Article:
I am thrilled to have Amy Talkington on the blog today talking about her unique and spooky mystery, LIVE, FOREVER! First, here’s little bit about the book:
Author: Amy Talkington
Category: Young Adult
Publisher: SOHO Press
Release Date: 3-11-14
When Liv Bloom lands an art scholarship at Wickham Hall, it’s her ticket out of the foster system. Liv isn’t sure what to make of the school’s weird traditions and rituals, but she couldn’t be happier. For the first time ever, she has her own studio, her own supply of paints. Everything she could want. Then she meets Malcolm Astor, a legacy student, a fellow artist, and the one person who’s ever been able to melt her defenses. Liv’s only friend at Wickham, fellow scholarship kid Gabe Nichols, warns her not to get involved, but life is finally going Liv’s way, and all she wants to do is enjoy the ride. But Liv’s bliss is doomed. Weeks after arriving, she is viciously murdered and, in death, she discovers that she’s the latest victim of a dark conspiracy that has claimed many lives. Cursed with the ability to see the many ghosts on Wickham’s campus, Gabe is now Liv’s only link to the world of the living. To Malcolm. Together, Liv, Gabe, and Malcolm fight to expose the terrible truth that haunts the halls of Wickham. But Liv must fight alone to come to grips with the ultimate star-crossed love. – Goodreads
This may be a question you get a lot as an author, but I’m always interested in the answer: How did you come up with the idea for LIV, FOREVER?
First and foremost, it was Liv. I wanted to write about this girl who thinks and feels really deeply but wears some serious emotional armor. Then I started thinking it might be interesting to put a girl like that into a ghost story (something I’d long been interested in). What if she had to die in order to learn how to feel love? I thought that sounded pretty interesting. The final piece was Occupy Wall Street. The Occupy movement was going on while I was cooking up the story and I was really struck by the great divide between the 99% and the 1%. I wanted to play with that theme/fear/suspicion that the 1% would do pretty much anything to stay on top, which comes to play in the mystery.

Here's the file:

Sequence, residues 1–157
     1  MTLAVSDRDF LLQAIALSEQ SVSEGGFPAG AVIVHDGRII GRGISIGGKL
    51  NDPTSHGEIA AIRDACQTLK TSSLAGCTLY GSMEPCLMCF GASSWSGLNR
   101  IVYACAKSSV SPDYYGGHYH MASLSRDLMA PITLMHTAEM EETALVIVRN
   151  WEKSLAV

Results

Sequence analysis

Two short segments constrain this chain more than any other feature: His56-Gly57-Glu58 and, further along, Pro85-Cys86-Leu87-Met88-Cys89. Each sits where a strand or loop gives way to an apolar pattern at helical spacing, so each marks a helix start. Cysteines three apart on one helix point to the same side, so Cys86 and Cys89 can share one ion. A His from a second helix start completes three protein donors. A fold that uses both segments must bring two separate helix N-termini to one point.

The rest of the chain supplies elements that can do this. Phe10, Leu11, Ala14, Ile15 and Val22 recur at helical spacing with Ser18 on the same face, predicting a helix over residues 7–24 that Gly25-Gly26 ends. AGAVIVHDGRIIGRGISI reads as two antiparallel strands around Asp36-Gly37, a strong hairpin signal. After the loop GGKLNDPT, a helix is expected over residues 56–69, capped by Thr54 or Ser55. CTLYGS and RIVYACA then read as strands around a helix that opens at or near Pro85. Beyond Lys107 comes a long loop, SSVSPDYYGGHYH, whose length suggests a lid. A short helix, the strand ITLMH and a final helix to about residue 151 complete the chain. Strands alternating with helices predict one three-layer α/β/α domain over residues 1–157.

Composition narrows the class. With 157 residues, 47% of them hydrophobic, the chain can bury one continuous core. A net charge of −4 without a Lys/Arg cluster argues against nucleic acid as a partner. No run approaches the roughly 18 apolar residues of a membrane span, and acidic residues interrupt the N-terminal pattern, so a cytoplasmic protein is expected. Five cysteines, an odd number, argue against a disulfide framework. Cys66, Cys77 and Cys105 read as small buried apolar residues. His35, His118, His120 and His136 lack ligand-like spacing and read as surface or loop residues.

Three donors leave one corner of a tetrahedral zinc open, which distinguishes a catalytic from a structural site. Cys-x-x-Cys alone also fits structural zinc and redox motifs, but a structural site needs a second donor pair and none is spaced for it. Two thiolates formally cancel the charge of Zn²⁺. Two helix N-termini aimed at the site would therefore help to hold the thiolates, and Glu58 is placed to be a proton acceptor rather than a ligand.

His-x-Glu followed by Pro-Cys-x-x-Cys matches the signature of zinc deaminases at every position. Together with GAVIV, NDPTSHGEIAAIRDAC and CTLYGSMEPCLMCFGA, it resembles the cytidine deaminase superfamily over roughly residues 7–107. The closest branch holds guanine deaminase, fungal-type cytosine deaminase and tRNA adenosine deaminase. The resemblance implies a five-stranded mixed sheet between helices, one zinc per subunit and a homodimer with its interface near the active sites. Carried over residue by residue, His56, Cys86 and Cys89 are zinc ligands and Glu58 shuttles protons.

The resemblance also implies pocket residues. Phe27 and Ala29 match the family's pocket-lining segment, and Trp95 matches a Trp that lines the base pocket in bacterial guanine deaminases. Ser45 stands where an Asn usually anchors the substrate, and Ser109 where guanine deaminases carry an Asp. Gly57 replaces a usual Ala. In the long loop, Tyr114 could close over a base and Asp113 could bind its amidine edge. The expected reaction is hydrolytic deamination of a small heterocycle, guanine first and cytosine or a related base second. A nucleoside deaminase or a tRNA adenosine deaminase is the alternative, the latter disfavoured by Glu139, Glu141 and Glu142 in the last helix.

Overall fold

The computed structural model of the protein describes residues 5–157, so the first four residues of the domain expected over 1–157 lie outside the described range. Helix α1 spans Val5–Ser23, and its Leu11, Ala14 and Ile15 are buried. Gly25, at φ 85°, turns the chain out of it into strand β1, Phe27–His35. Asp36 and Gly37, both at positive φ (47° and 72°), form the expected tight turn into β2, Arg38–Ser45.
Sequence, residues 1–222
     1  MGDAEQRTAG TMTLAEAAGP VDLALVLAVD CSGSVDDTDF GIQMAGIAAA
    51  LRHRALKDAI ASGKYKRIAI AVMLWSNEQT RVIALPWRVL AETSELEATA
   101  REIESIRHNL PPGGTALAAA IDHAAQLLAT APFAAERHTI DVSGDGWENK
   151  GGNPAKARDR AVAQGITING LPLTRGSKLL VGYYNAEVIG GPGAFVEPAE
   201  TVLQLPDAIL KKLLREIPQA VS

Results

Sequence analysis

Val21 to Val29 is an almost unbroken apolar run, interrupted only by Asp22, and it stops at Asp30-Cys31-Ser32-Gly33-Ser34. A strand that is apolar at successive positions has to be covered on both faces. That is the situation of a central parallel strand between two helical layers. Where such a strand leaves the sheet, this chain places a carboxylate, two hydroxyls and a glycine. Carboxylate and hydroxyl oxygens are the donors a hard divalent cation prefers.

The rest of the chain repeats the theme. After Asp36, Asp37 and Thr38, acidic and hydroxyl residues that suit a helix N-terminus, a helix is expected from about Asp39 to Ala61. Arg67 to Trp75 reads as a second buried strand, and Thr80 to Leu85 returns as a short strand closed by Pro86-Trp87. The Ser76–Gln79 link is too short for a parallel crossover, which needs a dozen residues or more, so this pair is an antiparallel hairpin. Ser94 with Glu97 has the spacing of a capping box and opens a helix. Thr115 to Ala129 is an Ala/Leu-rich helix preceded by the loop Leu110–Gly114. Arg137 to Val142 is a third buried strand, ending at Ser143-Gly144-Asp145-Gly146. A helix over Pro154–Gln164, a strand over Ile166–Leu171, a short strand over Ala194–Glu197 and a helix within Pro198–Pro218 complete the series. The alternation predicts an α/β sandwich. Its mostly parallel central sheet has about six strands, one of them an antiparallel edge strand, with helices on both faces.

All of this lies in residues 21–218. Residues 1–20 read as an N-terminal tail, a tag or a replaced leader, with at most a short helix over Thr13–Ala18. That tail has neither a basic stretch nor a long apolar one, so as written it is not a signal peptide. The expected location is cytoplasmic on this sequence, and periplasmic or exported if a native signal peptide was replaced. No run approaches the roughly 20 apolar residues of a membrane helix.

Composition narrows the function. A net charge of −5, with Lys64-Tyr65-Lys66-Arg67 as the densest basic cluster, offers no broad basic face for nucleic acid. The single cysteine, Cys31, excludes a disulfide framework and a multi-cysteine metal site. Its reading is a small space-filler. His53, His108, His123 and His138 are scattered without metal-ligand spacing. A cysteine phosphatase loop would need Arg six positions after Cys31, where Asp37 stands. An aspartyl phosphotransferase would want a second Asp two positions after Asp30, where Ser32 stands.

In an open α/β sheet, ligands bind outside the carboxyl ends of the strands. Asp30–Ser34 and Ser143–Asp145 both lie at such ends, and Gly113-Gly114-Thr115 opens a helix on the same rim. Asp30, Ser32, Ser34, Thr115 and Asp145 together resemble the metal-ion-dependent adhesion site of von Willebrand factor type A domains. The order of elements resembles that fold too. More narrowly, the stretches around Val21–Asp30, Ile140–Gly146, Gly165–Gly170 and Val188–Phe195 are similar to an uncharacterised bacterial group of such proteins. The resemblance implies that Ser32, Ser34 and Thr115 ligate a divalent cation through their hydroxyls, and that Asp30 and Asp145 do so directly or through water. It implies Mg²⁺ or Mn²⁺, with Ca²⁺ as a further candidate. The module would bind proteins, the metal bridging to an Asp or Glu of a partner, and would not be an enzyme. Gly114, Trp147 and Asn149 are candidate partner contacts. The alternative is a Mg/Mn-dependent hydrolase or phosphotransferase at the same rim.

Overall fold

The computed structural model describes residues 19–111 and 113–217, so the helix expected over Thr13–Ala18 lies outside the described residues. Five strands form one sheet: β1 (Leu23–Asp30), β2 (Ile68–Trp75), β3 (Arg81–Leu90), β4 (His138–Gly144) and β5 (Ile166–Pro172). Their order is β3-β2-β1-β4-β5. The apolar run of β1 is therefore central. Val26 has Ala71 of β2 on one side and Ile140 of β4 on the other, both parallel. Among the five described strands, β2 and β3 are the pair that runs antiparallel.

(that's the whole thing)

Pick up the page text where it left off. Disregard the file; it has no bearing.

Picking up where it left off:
The main character, Liv, dies about a 3rd of the way through the book, but sticks around to solve the mystery of her death. Did you have to take a different approach to writing a character who makes that kind of change so early in the story?
That’s a good question. But actually Liv’s death is really just a change in her circumstances. She suddenly has all these limitations and has to fight for things in a different way. Weirdly, she becomes more active once she’s dead (and that was kind of the point). But her death is really just the beginning of her character change.
Do you feel drawn to the mystery/thriller genre or do you write the stories as the ideas come to you?
I like to write the stories that come to me, stories in all different genres (including mystery/thriller). However, as a screenwriter (my “day job”!), you get pigeonholed. It’s very hard to get an “assignment” (i.e. get paid to write something) outside of your determined genre. And, because my first movies and scripts were mostly comedies, I’ve been stuck in that genre (including musicals, dramedies, and other teen stuff) with my screenwriting work. So, I really relished the opportunity to write a mystery/thriller and I hope that this book (and its screenplay adaptation that I’m working on) will help break me into new places.
There have been many books and movies with a boarding school setting. In your opinion, what is it about a boarding school that is so appealing as a setting?
To be honest, I really didn’t understand how big of a genre the YA boarding school book was. It made sense for me to write a boarding school book because I went to a boarding school. And the boarding school setting is perfect for this kind of story. It’s both romantic and haunting. A boarding school is also inherently dangerous—you have a bunch of privileged kids put out in the world on their own a little too early, setting up a scenario ripe for bad behavior… and that’s what happens at Wickham Hall.
Amy Talkington is an award-winning screenwriter and director living in Los Angeles. Before all that she wrote about music for magazines like Spin, Ray Gun, Interview, and Seventeen (mostly just as a way to get to hang out with rock stars). As a teenager in Dallas, Texas, Amy painted lots of angsty self-portraits, listened to The Velvet Underground and was difficult enough that her parents finally let her go to boarding school on the East Coast. Liv, Forever is her first novel.